Ironically, this nuclear gutting of India comes at a time when the US is actively engaging NATO and the erstwhile Warsaw Pact countries in soliciting a missile base while unashamedly enhancing its own armoury with numerous weapons of mass destruction. With only about 7 of its over 100 reactors under the most liberal inspections regime concocted for the purpose, the IAEA turns a blind eye to any attempt at increasing US controlled missile launch pads the world over as India is being prepared to be the next Iraq, now that both Iran and North Korea are refusing to fall into the trap that Sonia-Manmohan have rushed into. Only this time, the IAEA realising the huge task ahead of it in terms of manpower resources required for such large scale intelligence gathering, will be taking no chances. It would prefer to set up shop on Indian territory so it may directly intervene in the actvities of every scientist and engineer in the nation that it sets its sights on, on the flimsiest grounds available (even basic research institutions are not off the hook), and thereby force its way into every nook and cranny of India'sclosely guarded programmes, so as to learn valuable secret technolgy and begin to systematically take apart the system from the inside.
The prereginations of Shyam Saran notwithstanding, it is clear that India cannot expect any substantial concessions from the Nuclear Suppliers Group (NSG). For an organisation which owes its very existence to the 1974 ashes of Pokhran-I and where every employee has India'sfirst nuclear test to thank for their salary, it is clear that the voluntary nature of the moratorium of testing by India will never be conceded. Indeed, if the US did, by some miracle, decide to waive this requirement, the NSG would insist on it. Controlled as it is by the US, the EU, Japan, China, Australia and their common interest in emasculating India technologically and preventing the country from realising Homi Bhabha'svision of energy self-sufficiency through thorium, a programme that has been repeatedly sabotaged from within and without.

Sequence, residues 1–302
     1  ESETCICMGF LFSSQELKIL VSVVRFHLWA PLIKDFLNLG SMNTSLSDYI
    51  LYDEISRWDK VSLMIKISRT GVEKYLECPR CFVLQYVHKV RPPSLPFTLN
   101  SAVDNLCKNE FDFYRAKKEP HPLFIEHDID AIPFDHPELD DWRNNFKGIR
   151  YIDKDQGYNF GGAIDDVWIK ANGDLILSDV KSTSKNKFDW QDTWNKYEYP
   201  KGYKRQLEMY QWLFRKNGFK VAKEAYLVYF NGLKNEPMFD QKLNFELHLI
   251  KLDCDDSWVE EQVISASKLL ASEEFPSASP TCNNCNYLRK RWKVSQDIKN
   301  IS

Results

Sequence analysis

A similar impasse exists with reprocessing. Having accepted non-nuclear weapons status, India will under the deal not be allowed to reprocess. In contrast, other nuclear weapons states such as France and China will have minimal uranium reprocessing facilities under safeguards or active monitoring. With the IAEA on our shores and rampant proliferation worldwide with the US taking the lead, India would be left with no indigenous R&D, no strategic deterrent and no ability to swiftly recoup in the event of a national emergency.
Equally clear is that the US having tasted blood is unlikely to retreat in haste. With the US President'sdecreasing popularity there is every indication that the Indian government will exercise ?political? will over national interest and agree to possibly the worst deal this country has ever been made a party to. Instead of better access to high-tech items, what is being seen now is a foretaste of the grim future ahead. There are much higher compliance norms for former ?entities? rather than the promised easing of procedures. Ironically, even with such a one-sided ?deal in place, the existing paperwork and end user certifications are likely to be only replaced by a new set of equally restrictive regulations rather than done away altogether. As with almost every promise made to India by the US through the first Joint Statement in 2005, the US Congress has gone well beyond a full retraction and made the Hyde Act a tool for complete control of India'shigh-tech industry.
Without Parliament insisting that a ?deal? with such enormous and far reaching repercussions be ratified by both Houses, the Prime Minister is free to forget his promises to both Houses much as his counterpart has done in the US. Montek Singh Ahluwalia and R. Chidambaram who wouldn'tdream of disagreeing to any US conditions, have the answer to why Sonia-Manmohan are so set on ensuring a Cooloe India. Few are surprised that Manmohan Singh chose to walk away from the excellent terms offered by Russia'sPutin in favour of pleasing the US at this unreasonably high cost to India. Why was the Russian offer of a nuclear deal spurned without even revealing it to the public? Such are the deeds of a compromised and soon-to-be-conquered democracy at the hands of the UPA.